Red Rutherford named Tri-Citian of Year
This story was published March 24, 2002, Tri-City Herald
By Wendy Culverwell and Mary Hopkin Herald staff writers
Red Rutherford, a longtime Tri-City businessman and civic leader, on Saturday night was named 2002 Tri-Citian of the Year, the community’s top honor.
A tearful Rutherford was joined at the podium with more than 20 members of his family, who donned Charlie Chaplin-style glasses and fake noses as they entered the banquet room at the Pasco Doubletree Hotel.
Some of the family members had traveled from as far away as Louisiana and Oklahoma to watch Rutherford receive the award.
“We’ve spent the last four hours in a hotel room telling jokes,” said his son, Randy Rutherford of Kennewick.
As last year’s winner, Fran Forgette, introduced the award, Red Rutherford secretly was hoping someone he was close to would be named.
“In the back of my mind I was hoping my wife, Sally, would get it because she volunteers so much time at the hospital,” he said. “She is the real winner.”
Forgette described Rutherford as always having a joke to share, a hand to shake and a friend to make. But receiving the award left Rutherford, 77, with little to say.
“The joke was on me tonight,” Rutherford said. “This will be the first time you see me at a meeting without a story. You have left me speechless.”
The award is given annually by Tri-City-area Rotarians to a Tri-Citian who demonstrates “service beyond self.”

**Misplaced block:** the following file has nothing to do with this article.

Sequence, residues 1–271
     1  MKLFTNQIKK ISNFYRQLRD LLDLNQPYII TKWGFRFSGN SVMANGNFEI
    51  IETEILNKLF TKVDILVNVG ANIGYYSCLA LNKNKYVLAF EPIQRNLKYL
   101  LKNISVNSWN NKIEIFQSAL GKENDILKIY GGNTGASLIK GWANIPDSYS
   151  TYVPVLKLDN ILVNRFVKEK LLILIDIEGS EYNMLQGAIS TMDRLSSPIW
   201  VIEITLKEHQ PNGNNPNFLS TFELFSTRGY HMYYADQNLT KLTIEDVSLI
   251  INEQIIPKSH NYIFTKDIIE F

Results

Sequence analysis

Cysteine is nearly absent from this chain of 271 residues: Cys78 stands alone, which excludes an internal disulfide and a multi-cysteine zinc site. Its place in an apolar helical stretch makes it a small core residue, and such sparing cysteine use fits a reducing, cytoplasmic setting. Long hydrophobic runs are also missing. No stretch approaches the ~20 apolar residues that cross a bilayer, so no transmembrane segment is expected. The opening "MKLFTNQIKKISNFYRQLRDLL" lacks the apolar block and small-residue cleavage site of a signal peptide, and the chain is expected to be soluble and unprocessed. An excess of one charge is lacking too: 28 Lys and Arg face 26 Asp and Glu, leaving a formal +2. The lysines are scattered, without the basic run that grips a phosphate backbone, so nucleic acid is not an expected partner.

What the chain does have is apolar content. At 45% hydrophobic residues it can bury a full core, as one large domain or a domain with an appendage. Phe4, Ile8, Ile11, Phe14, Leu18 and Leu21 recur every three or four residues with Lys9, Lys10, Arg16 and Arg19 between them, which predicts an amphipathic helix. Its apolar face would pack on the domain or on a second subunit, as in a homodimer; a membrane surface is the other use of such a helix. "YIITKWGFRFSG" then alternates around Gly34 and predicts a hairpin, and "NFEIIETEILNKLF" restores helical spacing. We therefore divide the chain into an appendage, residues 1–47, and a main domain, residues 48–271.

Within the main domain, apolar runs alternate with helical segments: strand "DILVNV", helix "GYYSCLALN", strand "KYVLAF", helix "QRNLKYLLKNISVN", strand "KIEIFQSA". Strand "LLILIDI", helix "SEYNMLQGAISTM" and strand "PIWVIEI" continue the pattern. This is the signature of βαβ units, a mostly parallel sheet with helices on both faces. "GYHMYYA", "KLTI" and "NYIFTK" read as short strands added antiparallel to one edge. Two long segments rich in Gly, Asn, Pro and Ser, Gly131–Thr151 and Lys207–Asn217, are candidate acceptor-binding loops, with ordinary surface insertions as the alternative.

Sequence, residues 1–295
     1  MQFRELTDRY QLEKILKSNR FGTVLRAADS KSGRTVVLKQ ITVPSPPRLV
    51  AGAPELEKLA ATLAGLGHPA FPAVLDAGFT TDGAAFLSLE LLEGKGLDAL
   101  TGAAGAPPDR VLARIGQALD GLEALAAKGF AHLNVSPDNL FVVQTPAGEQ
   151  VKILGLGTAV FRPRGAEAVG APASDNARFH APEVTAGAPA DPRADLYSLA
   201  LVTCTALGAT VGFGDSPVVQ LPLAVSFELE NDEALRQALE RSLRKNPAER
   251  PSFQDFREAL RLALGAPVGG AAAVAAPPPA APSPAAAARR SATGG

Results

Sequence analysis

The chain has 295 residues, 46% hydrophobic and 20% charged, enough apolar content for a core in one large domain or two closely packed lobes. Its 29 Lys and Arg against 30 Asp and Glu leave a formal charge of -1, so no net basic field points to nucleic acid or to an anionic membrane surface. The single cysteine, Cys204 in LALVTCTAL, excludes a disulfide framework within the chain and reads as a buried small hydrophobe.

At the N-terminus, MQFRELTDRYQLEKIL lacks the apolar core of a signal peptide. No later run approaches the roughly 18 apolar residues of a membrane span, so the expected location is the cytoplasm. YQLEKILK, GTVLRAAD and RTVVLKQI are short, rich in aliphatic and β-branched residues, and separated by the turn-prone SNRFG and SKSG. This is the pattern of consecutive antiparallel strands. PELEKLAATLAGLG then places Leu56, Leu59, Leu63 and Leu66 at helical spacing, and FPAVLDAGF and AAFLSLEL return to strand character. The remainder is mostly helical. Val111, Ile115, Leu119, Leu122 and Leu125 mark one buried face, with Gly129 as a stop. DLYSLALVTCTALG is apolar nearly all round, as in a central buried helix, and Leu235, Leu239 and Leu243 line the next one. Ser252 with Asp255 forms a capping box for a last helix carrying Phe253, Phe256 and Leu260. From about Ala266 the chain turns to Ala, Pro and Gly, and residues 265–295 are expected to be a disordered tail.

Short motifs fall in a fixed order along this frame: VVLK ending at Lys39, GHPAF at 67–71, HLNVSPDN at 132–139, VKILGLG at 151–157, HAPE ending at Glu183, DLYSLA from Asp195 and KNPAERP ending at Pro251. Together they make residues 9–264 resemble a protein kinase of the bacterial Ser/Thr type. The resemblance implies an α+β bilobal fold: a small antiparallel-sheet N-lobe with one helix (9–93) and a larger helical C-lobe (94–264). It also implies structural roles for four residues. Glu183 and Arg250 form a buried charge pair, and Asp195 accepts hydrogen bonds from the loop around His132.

Kennewick residents George Jones and Cathy Merrill nominated the 54-year Tri-Citian for his history of service to the community and to children in particular.
The Rutherfords moved to the Tri-Cities in 1948.
Rutherford worked as a self-employed developer who established a number of businesses, such as Red’s Trailer Mart and Sun Meadows Mobile Home Park. He was a leader in the mobile home industry for more than half a century, serving as president of the Washington State Mobile Home Dealers, the Columbia Basin chapter of the Mobile Home Dealers and the Washington Mobile Home Parks Association.
On the civic front, he worked to start the Tri-Cities Cancer Center and is a longtime backer of Meals on Wheels, Tri-City Prep, Special Olympics, the Humane Society, Boy Scouts, St. Joseph’s Church, Shriners and a host of other causes.
His efforts to launch the cancer center brought a bit of public attention in 1993, when he bought a new Ford Taurus and donated it for an auction to raise money to build the clinic.
At the time, Rutherford said he had planned to donate to the $2.1 million project. By giving an attention-grabbing item to the auction, his original donation was multiplied many times over through the magic of ticket sales. The raffle raised nearly $90,000.
Rutherford was back in public view two years ago when Washington State Patrol Trooper James Saunders was shot and killed in Pasco during a routine traffic stop. Rutherford engineered a similar raffle to raise money that paid for 22 cameras installed in patrol cars throughout the area.
He participates in the Kennewick Kiwanis Club’s annual gift program to ensure children at Bailie’s Memorial Youth Ranch have gifts on Christmas. As a Kiwanian, he helped push development of the Family Fishing Pond at the east end of Columbia Park.
His volunteer work extends to the Benton-Franklin County Fair, where, for 30 years, he has coordinated ticket sales and organized volunteers who work at the entry gates and sell tickets.
He also established the Kennewick Kiwanis Foundation, which raises money to support youth-oriented projects. The Rutherford Scholarship is named for him and his wife.
Rutherford is an active woodworker and bird lover as well. He built more than 200 birdhouses used in Ephrata to increase the area bluebird population.